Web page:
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HMB265H1 (54)

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Human Biology
Stephen Wright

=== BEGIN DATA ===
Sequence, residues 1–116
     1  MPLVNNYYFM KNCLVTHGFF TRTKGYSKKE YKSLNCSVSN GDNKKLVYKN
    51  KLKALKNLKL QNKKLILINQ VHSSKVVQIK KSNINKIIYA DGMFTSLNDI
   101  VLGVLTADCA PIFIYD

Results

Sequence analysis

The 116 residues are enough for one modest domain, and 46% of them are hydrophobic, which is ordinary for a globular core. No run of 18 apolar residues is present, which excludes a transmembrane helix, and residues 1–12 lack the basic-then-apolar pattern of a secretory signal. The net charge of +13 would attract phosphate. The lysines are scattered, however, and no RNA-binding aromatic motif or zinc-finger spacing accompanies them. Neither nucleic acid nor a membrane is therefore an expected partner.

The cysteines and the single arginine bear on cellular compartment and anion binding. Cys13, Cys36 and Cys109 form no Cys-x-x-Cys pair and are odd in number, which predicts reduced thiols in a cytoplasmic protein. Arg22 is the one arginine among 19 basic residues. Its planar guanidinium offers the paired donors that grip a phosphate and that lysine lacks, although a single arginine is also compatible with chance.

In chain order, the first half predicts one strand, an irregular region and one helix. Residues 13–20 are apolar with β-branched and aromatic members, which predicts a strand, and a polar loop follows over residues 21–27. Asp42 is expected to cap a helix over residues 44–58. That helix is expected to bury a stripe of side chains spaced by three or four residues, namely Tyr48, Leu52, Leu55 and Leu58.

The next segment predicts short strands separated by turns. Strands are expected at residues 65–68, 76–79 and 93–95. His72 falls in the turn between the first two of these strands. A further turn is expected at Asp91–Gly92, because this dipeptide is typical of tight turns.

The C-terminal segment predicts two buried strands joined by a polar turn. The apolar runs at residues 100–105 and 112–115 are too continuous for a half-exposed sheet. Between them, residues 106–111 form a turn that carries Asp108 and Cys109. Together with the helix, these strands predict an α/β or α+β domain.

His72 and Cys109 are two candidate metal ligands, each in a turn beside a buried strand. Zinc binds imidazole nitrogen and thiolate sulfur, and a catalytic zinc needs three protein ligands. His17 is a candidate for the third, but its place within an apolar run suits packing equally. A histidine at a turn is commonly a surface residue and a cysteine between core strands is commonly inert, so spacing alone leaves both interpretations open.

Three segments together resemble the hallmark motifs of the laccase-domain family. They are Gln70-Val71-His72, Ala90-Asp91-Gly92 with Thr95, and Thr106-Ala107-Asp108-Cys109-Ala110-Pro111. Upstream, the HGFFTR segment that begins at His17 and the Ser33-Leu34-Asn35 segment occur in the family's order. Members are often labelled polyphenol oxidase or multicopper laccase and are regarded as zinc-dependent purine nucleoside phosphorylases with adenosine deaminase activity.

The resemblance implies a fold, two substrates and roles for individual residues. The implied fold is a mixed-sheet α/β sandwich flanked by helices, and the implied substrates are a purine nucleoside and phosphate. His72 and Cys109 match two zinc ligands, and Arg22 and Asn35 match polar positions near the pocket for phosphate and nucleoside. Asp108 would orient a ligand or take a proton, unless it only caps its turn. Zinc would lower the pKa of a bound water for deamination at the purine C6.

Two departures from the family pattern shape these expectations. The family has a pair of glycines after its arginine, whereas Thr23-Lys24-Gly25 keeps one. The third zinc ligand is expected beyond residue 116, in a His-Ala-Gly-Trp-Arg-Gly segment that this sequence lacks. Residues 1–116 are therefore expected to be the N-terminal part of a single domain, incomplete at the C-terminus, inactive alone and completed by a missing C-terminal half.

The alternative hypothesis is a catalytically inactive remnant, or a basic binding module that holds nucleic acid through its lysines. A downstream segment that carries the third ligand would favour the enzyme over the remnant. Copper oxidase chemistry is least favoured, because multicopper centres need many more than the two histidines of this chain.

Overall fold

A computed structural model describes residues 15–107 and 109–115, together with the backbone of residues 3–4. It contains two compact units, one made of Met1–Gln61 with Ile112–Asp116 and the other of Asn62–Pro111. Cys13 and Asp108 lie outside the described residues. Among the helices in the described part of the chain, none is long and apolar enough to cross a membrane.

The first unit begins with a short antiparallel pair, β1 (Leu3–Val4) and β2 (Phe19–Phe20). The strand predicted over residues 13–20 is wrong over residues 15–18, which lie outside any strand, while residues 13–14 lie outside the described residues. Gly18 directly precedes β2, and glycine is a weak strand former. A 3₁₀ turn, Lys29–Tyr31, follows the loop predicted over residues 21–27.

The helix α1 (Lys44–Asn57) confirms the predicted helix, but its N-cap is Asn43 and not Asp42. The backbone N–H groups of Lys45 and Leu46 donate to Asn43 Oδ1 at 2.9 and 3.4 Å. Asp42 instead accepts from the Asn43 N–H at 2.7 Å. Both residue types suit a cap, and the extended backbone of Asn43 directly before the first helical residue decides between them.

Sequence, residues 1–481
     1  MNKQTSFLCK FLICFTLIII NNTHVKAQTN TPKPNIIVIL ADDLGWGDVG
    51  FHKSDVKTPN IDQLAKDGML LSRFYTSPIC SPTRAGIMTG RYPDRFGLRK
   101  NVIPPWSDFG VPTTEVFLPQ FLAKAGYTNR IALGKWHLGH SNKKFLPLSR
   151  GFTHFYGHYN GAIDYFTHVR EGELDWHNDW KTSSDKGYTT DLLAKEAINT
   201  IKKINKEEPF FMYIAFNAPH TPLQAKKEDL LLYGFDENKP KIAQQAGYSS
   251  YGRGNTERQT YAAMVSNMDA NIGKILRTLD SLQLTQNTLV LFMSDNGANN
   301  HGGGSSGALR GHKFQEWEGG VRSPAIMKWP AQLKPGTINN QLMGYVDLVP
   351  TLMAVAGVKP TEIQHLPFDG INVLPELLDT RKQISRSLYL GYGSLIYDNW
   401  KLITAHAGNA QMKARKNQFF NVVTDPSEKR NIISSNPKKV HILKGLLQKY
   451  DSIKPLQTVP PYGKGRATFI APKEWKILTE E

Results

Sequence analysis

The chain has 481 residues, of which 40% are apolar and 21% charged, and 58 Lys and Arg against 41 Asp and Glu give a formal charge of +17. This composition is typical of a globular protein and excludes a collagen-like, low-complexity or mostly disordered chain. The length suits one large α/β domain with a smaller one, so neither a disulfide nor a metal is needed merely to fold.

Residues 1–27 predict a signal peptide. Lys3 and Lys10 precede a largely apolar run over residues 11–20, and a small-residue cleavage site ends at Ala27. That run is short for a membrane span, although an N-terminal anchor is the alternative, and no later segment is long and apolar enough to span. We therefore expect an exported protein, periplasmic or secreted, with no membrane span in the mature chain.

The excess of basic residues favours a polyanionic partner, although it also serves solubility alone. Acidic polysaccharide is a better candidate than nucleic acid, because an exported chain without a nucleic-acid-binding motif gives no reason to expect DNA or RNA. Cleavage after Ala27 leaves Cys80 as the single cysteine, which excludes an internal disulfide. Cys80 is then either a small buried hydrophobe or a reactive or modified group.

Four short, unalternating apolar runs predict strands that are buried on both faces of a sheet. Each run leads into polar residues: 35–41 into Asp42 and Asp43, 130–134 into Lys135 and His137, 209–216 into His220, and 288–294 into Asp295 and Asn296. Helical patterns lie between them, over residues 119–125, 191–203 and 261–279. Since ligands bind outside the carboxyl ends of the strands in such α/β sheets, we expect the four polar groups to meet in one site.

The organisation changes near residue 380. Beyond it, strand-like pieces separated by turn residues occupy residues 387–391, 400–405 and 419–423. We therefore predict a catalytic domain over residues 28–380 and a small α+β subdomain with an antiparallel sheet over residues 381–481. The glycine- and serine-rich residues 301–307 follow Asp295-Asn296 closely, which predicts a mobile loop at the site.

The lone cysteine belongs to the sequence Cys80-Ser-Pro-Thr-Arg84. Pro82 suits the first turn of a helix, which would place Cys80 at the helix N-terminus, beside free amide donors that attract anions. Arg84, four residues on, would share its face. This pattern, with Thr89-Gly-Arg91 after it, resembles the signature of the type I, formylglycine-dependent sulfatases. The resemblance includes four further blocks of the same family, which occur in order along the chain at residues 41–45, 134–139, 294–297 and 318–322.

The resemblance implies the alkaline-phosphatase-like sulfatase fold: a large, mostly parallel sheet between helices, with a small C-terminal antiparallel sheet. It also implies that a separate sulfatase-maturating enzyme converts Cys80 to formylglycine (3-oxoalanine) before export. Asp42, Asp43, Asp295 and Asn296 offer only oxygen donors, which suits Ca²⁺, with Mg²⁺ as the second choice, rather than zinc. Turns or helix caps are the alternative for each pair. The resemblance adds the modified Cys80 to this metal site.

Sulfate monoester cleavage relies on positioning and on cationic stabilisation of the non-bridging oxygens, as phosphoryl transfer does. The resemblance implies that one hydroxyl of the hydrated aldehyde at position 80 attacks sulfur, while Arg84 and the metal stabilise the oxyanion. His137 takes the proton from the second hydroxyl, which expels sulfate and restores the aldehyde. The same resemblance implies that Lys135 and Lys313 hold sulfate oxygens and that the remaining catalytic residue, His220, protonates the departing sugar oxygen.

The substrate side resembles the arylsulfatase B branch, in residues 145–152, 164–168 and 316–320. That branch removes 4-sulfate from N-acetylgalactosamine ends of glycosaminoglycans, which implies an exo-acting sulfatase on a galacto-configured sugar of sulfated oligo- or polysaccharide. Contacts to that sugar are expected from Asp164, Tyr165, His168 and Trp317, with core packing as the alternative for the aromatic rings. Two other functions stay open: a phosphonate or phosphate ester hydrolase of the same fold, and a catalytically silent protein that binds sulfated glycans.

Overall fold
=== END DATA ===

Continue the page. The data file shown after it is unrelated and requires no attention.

Pages 54-60 Pedigree analysis – a scrutiny of mating records Propositus – a member of a family who first comes to the attention of a geneticist; usually, their phenotype is exceptional in some way - Investigator traces the history of the phenotype through the history of the family, then draws a family tree (pedigree) To see single-gene inheritance, the patterns in the pedigree have to be interpreted by Mendel’s law of equal segregation - Typical 3:1 and 1:1 ratios are not seen in humans, since we usually have few children - 3:1 and 1:1 ratios might be seen when many similar pedigrees are combined Autosomal recessive disorders are inherited as recessive alleles, so the unaffected phenotype must be the dominant allele; 2 ways to show autosomal recessive inheritance - The disorder generally appears in the progeny of unaffected parents - The affected progeny include both males and females; this will be simple Mendelian inheritance of a gene on an autosome, rather than a gene on a sex chromosome - Heterozygotes are more common than homozygous recessive individuals –both parents must have the recessive allele to be a recessive homozygote; however, only one parent must have it in order to be a heterozygote - When relatives mate, there is a higher risk of recessive disorders in offspring (two cousins can carry the same rare recessive allele from a common ancestor) - Two unrelated people would have to inherit the recessive allele from both their families in order for them both to be heterozygous - This hypothesis doesn’t support the hypothesis of X-linked recessive inheritance, b/c an affected daughter must have a heterozygous mother (possible) and a hemizygous father (impossible, b/c the father would have expressed the phenotype of the disorder) - Mendelian rules are at work but not necessarily observed in single families – the sample size of humans is usually very small Autosomal dominant disorders – normal allele is recessiv
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